The tone of the proceedings, where the judges challenged the NFL on fairness, irreparable harm and undermining its own process by letting Elliott play in the season opener, has Elliott’s lawyers feeling good about their chances if they are able to overcome the jurisdiction issue.

The NFL entered the case confident it would prevail with the Fifth Circuit based on jurisdiction and merit.

Pratik Shah handled the hearing for the NFL while Jeffrey Kessler argued Elliott’s case for the NFLPA.

Both lawyers were interrogated with rebuttal questions from the three judges, particularly Elrod.

She scrutinized both sides, pushing Kessler on jurisdiction and why he would introduce a brief at the last minute.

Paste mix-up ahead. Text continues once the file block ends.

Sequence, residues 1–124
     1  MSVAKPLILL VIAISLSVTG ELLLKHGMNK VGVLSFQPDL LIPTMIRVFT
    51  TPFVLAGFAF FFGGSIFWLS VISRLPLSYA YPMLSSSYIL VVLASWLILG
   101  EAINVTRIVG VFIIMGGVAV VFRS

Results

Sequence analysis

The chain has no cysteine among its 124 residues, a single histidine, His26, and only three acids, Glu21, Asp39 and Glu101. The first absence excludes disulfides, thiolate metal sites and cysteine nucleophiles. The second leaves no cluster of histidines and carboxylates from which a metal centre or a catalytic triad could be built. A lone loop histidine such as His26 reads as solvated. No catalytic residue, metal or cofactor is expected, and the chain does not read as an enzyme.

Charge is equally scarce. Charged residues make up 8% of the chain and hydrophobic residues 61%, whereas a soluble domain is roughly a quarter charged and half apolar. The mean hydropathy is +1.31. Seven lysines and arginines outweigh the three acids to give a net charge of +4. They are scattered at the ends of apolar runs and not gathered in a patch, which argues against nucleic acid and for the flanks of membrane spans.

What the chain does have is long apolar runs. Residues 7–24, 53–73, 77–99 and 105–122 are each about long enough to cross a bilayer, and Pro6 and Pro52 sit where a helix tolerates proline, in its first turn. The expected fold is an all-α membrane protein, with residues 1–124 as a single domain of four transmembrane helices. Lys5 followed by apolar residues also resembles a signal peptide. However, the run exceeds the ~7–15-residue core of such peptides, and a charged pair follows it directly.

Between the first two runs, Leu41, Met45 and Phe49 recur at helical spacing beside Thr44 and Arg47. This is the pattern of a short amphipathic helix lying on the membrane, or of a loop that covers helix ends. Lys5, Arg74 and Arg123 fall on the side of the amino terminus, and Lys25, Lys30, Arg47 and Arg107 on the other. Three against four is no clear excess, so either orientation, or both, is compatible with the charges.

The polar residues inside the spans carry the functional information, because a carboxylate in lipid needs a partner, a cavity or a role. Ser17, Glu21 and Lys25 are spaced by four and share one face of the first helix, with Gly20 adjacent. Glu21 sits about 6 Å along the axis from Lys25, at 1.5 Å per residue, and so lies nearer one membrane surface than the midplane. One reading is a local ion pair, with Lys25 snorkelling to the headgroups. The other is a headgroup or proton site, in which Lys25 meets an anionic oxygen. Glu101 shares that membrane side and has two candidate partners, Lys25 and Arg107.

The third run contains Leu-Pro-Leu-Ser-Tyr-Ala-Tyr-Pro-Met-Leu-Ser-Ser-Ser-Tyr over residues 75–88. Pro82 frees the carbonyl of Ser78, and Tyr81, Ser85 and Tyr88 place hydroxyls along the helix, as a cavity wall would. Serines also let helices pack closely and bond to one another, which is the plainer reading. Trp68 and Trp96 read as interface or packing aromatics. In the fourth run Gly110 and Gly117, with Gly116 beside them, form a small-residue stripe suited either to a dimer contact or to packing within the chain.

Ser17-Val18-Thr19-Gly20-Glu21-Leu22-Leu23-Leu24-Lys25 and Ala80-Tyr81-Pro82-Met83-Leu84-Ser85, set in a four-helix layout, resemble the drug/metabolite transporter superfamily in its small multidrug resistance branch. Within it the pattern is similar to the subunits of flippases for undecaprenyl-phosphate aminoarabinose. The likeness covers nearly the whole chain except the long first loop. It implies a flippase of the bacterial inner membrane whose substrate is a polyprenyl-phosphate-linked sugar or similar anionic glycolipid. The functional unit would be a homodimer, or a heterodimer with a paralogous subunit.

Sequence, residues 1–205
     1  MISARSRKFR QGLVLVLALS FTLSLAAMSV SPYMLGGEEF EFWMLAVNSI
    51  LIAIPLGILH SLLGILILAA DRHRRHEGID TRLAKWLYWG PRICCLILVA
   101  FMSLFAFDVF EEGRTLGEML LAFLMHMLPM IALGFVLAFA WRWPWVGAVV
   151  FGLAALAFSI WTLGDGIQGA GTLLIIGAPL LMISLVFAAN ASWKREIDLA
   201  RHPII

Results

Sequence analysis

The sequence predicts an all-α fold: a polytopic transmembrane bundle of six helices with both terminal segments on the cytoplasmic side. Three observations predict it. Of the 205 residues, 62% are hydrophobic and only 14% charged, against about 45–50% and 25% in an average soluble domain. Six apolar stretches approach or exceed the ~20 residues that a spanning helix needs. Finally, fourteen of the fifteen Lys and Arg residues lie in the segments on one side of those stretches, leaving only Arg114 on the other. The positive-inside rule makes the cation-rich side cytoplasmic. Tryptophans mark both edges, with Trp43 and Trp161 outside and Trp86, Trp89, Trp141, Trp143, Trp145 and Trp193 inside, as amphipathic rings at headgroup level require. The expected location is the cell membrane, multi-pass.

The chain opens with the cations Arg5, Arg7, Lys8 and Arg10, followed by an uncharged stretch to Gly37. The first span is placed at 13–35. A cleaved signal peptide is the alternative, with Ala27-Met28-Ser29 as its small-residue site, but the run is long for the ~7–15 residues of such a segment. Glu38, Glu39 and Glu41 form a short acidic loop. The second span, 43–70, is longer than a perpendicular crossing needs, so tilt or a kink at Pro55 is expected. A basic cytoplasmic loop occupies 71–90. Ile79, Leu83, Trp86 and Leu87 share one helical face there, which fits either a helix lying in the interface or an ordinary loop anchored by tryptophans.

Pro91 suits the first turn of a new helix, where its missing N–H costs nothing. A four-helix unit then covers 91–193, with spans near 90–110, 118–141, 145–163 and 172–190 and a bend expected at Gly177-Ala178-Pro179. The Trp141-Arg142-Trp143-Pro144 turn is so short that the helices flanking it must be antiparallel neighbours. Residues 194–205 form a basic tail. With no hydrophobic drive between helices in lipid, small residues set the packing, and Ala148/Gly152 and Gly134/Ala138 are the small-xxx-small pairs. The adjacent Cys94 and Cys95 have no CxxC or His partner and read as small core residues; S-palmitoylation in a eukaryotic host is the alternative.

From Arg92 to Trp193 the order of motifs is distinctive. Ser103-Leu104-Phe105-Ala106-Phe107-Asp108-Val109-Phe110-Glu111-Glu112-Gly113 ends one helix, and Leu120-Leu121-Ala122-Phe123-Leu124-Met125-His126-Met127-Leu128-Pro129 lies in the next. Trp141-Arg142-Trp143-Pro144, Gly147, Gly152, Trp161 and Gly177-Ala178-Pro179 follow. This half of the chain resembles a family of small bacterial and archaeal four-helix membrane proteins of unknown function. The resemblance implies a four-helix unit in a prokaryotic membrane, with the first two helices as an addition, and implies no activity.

Elrod hammered the NFL on irreparable harm, particularly noting that the league undermined its own argument when it allowed Elliott to play in the season opener.

NFLPA lawyers arrive in New Orleans for Ezekiel Elliott hearing

Clarence E. Hill Jr. chill@star-telegram.com

And when the NFL pointed to its process of discipline, arbitration and suspension being agreed to under the collective bargaining agreement, Graves said, “Just because it’s agreed to doesn’t mean it’s not irreparable.”

Prado chimed in with: “You can always suspend him next season.”

Graves also zeroed in on the issue of fundamental fairness and the fact that lead investigator Kia Roberts was allowed to personally talk to NFL Commissioner Roger Goodell about her findings by asking, “it matters what information was given to the commissioner, doesn’t it?”